Crash Course: Everything You Need to Know About Boulder Pads

Because the humble pad will become such an important part of your life (and your new favourite sleeping mat), it’s essential that you find your perfect match. Luckily, there’s plenty to choose from!

Ah, the humble boulder pad… a lifesaver, an ankle-saver, a couch, a mattress, a backpack, a weapon, a friend that always has your back. These squishy monsters are arguably the most versatile piece of gear you will ever add to your collection, plus the value for money is absolutely stellar when you consider the fact that you could dirtbag your way through months in Rocklands with just a pad and the kindness of strangers (preferably rich internationals). 

Because the humble pad will become such an important part of your life (and your new favourite sleeping mat), it’s essential that you find your perfect match. Luckily, there’s plenty to choose from! Here we break down the factors you need to consider when picking a pad, the options on offer, and the basics of proper pad wrangling. 

A baby-faced Chris Cosser on the Black Diamond Impact boulder chairs

What is a Boulder Pad, Anyway?

This one is pretty self-explanatory – a boulder pad, also known as a boulder mat or crash pad, is a mattress-type pad made of thick foam that is used to protect boulderers when climbing outdoors. Pads are placed in the fall zone in order to ensure that if/when a climber falls, they do not injure themselves by falling on any sharp rocks or uneven ground.

Squish Factor

Pads generally consist of more than one type of foam; often there will be two or three types that differ in density. This allows the pad to better distribute the load of the climber on impact. It also helps the pad to offer a soft(ish) catch, while still protecting the climber from hard ground or rock. For example, if a pad was 100% high-density foam, the rocks would be kept at bay, but it would also knock the wind out of you. Vice versa, a pad that only contained low-density foam would catch you like a cloud, but offer little guard against pointy things.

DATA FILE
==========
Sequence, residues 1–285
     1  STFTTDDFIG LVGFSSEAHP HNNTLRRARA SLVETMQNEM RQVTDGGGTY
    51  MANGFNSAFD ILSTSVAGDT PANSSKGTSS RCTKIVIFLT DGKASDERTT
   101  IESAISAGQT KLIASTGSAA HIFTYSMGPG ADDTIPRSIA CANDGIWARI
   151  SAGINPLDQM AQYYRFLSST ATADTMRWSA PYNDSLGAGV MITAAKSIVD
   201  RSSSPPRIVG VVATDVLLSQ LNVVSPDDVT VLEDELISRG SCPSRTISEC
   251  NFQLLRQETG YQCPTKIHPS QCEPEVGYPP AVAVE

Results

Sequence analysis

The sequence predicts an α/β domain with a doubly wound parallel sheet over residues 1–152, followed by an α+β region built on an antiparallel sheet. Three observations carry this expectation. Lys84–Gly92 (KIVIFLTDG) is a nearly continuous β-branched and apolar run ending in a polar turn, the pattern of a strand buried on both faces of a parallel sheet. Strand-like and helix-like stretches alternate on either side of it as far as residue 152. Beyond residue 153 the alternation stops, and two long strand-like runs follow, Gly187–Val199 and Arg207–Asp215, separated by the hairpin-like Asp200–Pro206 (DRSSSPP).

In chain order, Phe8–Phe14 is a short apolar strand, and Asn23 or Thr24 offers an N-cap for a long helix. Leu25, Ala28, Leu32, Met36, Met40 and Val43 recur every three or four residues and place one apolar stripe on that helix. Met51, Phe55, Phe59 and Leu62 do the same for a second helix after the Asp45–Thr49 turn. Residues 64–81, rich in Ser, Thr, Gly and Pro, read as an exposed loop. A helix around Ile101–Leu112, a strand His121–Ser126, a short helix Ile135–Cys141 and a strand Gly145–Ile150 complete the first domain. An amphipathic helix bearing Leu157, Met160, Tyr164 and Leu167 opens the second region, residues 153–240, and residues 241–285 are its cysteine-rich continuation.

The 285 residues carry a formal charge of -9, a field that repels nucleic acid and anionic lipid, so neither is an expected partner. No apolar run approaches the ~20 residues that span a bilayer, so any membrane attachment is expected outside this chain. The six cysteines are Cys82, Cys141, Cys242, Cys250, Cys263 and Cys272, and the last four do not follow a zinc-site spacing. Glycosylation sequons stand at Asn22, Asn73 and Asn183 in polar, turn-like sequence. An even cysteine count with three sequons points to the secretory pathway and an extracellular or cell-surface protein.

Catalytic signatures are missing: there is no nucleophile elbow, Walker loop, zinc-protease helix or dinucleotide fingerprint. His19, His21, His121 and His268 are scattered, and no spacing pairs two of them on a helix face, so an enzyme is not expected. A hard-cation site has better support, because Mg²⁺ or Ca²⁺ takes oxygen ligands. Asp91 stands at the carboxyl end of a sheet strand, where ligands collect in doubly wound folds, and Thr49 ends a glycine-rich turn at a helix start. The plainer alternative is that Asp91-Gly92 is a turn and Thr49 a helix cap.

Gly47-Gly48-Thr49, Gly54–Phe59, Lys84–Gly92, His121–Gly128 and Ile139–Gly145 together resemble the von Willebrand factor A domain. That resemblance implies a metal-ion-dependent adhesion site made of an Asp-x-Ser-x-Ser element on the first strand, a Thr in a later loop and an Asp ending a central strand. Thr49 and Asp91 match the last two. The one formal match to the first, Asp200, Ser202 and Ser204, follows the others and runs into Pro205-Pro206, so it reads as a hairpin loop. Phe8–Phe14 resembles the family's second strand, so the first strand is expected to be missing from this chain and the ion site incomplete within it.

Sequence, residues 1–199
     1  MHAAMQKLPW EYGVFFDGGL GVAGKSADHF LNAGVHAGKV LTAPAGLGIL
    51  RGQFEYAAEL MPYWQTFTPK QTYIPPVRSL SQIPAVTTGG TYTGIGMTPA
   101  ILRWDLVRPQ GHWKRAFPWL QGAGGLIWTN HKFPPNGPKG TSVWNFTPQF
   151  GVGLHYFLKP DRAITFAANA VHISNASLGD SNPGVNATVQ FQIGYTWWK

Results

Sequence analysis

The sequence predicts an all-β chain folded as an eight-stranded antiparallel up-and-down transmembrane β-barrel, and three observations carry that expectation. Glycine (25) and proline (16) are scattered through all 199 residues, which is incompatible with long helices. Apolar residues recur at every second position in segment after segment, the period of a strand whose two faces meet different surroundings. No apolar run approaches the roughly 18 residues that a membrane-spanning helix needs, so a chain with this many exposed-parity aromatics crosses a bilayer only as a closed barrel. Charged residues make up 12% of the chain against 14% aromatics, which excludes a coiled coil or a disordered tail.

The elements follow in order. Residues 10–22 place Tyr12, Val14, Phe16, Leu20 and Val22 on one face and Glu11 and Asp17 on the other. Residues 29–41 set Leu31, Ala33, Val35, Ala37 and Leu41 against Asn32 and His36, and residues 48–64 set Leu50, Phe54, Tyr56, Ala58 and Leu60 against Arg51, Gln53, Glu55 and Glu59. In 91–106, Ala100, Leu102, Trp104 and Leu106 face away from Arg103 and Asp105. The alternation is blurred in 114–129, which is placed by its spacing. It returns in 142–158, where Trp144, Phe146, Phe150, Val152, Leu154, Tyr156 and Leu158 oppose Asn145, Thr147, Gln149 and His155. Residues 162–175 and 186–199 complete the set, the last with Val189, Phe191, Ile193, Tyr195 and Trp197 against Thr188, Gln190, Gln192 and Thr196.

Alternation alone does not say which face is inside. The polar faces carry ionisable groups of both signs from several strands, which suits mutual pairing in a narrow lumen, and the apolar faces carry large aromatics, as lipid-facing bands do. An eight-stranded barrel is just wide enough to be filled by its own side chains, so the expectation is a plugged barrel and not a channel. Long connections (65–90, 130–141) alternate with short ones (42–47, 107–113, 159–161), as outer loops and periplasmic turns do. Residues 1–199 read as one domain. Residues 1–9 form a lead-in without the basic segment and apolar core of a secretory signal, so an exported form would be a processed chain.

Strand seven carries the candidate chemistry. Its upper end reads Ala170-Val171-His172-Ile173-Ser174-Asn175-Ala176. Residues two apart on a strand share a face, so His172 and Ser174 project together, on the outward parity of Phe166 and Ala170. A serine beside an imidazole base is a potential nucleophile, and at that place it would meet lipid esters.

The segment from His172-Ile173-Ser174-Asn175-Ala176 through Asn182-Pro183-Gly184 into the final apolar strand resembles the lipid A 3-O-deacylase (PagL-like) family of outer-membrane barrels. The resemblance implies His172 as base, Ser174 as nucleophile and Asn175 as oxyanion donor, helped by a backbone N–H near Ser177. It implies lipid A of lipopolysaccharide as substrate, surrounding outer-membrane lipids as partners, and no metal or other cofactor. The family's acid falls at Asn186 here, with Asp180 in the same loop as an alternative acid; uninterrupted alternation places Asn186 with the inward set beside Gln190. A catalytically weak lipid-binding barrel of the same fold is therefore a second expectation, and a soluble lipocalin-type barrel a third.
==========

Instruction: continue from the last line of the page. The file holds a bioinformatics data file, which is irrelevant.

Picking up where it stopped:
There are myriad ways that a pad may be constructed. For example, the Ocún Incubator has a sandwich-like construction, with two layers of high-density foam on either side of a soft, thick layer of open-cell foam.

The Moonwalk, on the other hand, uses three different types of foam, with the middle layer being the softest.

It’s important to remember that you should always have your pads the right way up so that the foam with the highest density is on the top. Some pads have a zipper that allows you to open it up and take a look inside; this is largely so that you can replace the foam if needed. 

Hinge or Taco?

As for construction, there are two types of pads: hinge and taco. Hinged pads have a join that allows them to be neatly folded and opened up to a flat surface. Taco pads, on the other hand, are a single pad with no seams or hinges that you can fold up… well, like a taco. Hinge pads tend to be easier to store, but a climber can get seriously injured if they land directly on the join. Taco pads provide a great landing because they have no join, but they tend to be bulkier. Furthermore, you should store a taco pad open because the foam at the fold can degrade more quickly if it’s stored wrapped up.

If you have any questions about pad usage and construction, chat to your local gear guru and they will get you sorted.  

Hinge vs Taco style boulder pads

Proper Pad Play

Boulder pads and spotters work together to keep the climber safe, and a large part of being a good spotter is knowing how to place pads and how/when to move them. 

For more about being a good spotter outdoors, check out this video: